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Toronto Police Chief Bill Blair speaks at police headquarters on Nov. 5, 2013.

MOE DOIRON/The Globe and Mail

Mayor Rob Ford's brother overstepped his authority as an elected official by calling on Police Chief Bill Blair to temporarily step down, say current and former members of the board that oversees Toronto police.

Chief Blair reports to the Toronto Police Services Board, not to city councillors. The board exists to provide a buffer between the police and politicians, said Susan Eng, a former chairwoman.

"Is Councillor Doug Ford speaking for the mayor?" she asked. "They are absolutely breaching the fundamental divide that exists between politics and the policing function. That's completely out of line."

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Toronto Councillor John Filion, a former board member, said Councillor Ford's attack was "reprehensible."

"The chief of police is not smoking something out of a pipe and he's not getting envelopes left in a car," he said.

Councillor Ford accused Chief Blair on Tuesday of being biased against the mayor and asked the chairman of the Toronto Police Services Board, Alok Mukherjee, to conduct a probe. His comments marked an escalation in the standoff between the mayor and the city's top cop.

Chief Blair characterized the councillor's remarks as "personal attacks," but tried to stay out of the fray. Doug Ford told students at Ryerson University on Tuesday that he does not have an issue personally with the chief, but said, "he has made this personal. He has made this political."

Mr. Ford also targeted Andy Pringle, a member of the police board, saying he was in a conflict for going on a fishing trip with Chief Blair.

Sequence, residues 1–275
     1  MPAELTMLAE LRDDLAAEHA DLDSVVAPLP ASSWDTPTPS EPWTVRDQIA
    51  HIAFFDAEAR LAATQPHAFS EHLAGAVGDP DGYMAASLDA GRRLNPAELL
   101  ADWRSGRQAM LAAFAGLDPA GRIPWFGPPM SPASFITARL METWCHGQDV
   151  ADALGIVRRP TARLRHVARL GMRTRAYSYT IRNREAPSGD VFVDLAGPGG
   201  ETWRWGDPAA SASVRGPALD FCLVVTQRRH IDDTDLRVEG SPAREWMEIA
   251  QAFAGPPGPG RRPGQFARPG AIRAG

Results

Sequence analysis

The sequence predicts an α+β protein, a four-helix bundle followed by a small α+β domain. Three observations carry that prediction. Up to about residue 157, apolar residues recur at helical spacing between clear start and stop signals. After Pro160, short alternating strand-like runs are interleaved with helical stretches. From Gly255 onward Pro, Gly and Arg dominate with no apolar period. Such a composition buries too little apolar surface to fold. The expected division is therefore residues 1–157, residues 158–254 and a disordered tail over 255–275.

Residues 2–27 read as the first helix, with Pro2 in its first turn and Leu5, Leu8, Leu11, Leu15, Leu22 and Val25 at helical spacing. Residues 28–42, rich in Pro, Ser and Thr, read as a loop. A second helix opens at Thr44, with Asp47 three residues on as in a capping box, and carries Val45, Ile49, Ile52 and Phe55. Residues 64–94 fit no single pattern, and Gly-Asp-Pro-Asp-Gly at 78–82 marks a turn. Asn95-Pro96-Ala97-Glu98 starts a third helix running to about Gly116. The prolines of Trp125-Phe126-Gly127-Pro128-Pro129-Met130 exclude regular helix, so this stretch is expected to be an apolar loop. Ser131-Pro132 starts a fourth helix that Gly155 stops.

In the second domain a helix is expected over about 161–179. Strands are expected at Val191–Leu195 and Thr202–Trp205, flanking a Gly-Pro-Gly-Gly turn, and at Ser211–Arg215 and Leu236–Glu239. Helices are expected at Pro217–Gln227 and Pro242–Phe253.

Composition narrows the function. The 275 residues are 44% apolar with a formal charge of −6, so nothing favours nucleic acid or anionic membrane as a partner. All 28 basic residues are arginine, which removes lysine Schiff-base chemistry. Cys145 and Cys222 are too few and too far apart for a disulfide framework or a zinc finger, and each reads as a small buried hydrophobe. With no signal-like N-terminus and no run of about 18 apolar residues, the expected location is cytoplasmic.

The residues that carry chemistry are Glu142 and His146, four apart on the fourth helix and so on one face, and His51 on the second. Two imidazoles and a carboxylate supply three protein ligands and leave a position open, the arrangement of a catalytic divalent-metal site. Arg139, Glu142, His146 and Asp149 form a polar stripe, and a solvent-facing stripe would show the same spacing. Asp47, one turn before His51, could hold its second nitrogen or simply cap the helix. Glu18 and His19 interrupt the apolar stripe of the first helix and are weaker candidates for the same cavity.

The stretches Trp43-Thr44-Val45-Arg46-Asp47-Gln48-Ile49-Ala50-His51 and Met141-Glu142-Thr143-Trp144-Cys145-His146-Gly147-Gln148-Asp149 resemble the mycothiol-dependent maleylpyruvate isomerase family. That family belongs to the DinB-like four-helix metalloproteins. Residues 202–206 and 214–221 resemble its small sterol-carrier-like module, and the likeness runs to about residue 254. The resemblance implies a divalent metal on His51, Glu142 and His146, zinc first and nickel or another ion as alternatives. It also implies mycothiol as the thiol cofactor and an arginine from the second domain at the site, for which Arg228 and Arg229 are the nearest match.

In attacking Mr. Pringle, Mr. Ford took on a member of the very board that would decide whether his complaint against Chief Blair merits an investigation by the Office of the Independent Police Review Director (OIPRD). Councillor Ford said he plans to ask the OIPRD, a provincial agency that investigates complaints of police wrongdoing, to also conduct a probe.

Any complaints against Chief Blair, if not dismissed by the agency as baseless, are referred to the police board, which then decides whether the conduct merits an OIPRD investigation. In a statement Tuesday, Mr. Mukherjee said the board would follow the "clear processes in place to address these matters."

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OIPRD head Gerry McNeilly said, as a citizen of Toronto, he is "concerned" about Rob Ford's admission on Tuesday that he has smoked crack cocaine. While the board may decide a complaint is unfounded, Mr. McNeilly said, the Police Services Act permits him to override that decision.

"I'll proceed as if it's any other complaint," Mr. McNeilly said. "I will, as best as I can, try to ignore the political and media scenarios going on."

Councillor Michael Thompson, who serves as vice-chair of the police board and is on the Mayor's executive committee, said he doesn't see any basis in Doug Ford's accusation that Chief Blair has been "politicking."

Mr. Thompson also said he has seen no evidence of a conflict regarding Mr. Pringle's fishing trip but noted the issue of optics.

"If he hadn't gone on the trip, then the accusation made against him today wouldn't have been made," he said, adding that he has turned down invitations extended by "senior people in policing" because of the possible perception of impropriety.

The code of conduct governing the province's police services boards says members shall "refrain from engaging in conduct that would discredit or compromise the integrity of the board or the police force" – language Mr. Thompson said allows members to exercise their judgment in a realm that's not black and white.

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Councillor Mike Del Grande, a police board member and once a loyal lieutenant of the Ford administration, said there are strict procedures in place for dealing with complaints against the police.

Asked if Doug Ford was ignoring normal procedures, he said: "Nothing is normal with this whole business with him and his brother. That's all I can really say."

With reports from Jill Mahoney, Patrick White and Katrina Sieniuc

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